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Is It Really a Great Movie? Part Five: Written on the Wind

by dan heaton

Using Roger Ebert's Great Movies book as a guide, this series of articles will focus on all films included on his list that previously have escaped my notice. Since all lists are subjective, I am not treating Ebert's choices as the essential selection of films. However, his essays offer the perfect chance for me to explore both classics and lesser-known pictures from around the globe.

Douglas Sirk’s Written on the Wind has received wide acclaim for its over-the-top melodrama within a rich, extravagant setting. Along with its inclusion in the Great Movies list, it also appeared in The A List: The National Society of Film Critics' 100 Essential Films. Dorothy Malone won the 1957 Oscar for Best Supporting Actress, and Robert Stack received a nomination for Best Supporting Actor. Douglas Sirk’s reputation has increased significantly since he retired from Hollywood in 1959. Legendary directors Jean-Luc Goddard and Rainer Fassbinder loved his work, and many experts have praised Sirk’s nasty dissection of the conformist attitudes of 1950s’ America.

Written on the Wind begins with the unexplained shooting and possible death of a mysterious man in front of a large mansion. In similar fashion to Sunset Boulevard, we flash back several years to discover the events leading to this fateful day. The story begins with the meeting of the handsome Mitch Wayne (Rock Hudson) and the striking Lucy Moore (Lauren Bacall), who seem primed for a romance. However, the arrival of the arrogant, rich Kyle Hadley (Robert Stack) complicates matters. Taking Lucy for a flight on his private plane, the oilman charms her and begins a brief courtship. Within a short time, they get married, which saddens the loyal, but conflicted Mitch. Kyle has been his best friend since childhood, but his feelings for Lucy are difficult to deny. Complications ensue with the arrival of Kyle’s wild sister Marylee (Dorothy Malone), who longs for Mitch and will do anything to win his attention. Describing herself as “allergic to politeness,” Marylee is the self-absorbed wild card that drives the family towards its sad finale.

This short description cannot do justice to the ridiculous plot machinations that make Written on the Wind a nearly unbearable experience. The trashy dialogue is awful and sounds even worse when combined with some crazy overacting. Robert Stack’s drunken ramblings are completely unbelievable and would even fail in modern junk like Melrose Place or Desperate Housewives. He stumbles over furniture, slurs his words, and uses every other obvious tactic to distract us from everything else on screen. His initial meeting with Lucy contains zero chemistry and makes him appear to be a complete idiot. Creating Kyle as a worthy adversary for Mitch would have at least generated some tension about her feelings.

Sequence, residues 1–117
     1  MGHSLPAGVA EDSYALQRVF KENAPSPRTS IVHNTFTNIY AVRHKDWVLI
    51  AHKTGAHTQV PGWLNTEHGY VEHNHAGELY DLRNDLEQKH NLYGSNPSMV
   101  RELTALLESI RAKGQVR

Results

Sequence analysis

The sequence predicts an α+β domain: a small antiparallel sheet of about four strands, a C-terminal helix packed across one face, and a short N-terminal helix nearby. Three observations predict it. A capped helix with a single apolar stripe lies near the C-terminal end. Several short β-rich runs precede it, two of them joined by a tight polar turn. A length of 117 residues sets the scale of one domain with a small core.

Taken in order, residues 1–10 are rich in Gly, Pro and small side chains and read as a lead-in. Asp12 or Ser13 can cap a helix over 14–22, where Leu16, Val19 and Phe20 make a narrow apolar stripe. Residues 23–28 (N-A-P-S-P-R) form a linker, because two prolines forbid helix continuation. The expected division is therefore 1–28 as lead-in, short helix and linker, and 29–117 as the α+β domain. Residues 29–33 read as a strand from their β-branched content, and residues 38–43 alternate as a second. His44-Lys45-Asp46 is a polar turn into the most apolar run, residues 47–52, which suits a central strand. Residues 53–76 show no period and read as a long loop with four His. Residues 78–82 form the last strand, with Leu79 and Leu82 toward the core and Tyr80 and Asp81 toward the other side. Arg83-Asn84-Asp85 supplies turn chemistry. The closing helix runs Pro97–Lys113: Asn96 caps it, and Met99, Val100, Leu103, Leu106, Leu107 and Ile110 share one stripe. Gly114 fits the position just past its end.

Another problem is the wooden acting from Rock Hudson and Lauren Bacall that fails to bring any compassion to their situation. Bacall can be lively with better material, but she drains the energy out of the screen with each appearance. Hudson’s stale acting is more understandable given his character’s gloomy state, but this lack of life keeps us from identifying with him. Dorothy Malone at least has fun with the role, particularly during her famed sexy dance while her father struggles up the steps to chastise his impure daughter. This scene’s laughable outcome provides one of the film’s most outlandish, maddening scenes. Malone can’t truly sell her evil actions as believable, but she does add energy to a mostly humdrum picture.

Roger Ebert believes that viewers need considerable sophistication to recognize the subversive charms of Written on the Wind. Unfortunately, this approach lets Sirk and writer Robert Wilder off the hook for crafting a bloated, poorly written melodrama. The bright, obviously fake sets create a dreamlike experience, but the characters are too dull to match this original style. During one pivotal scene, Marylee stands by the river and hears the voices from a childhood moment that could explain her current state. But the execution falls short and instead leads to another bizarre moment. Instead of providing an emotional revelation, the voices feel silly due to the glossy environment. I expect that my reaction would have been much different in 1956. Viewed during the final years of Hollywood’s Golden Era, this story would have felt subversive and been more effective. Instead, Sirk’s over-the-top style appears dated and only works as shallow, star-driven entertainment.

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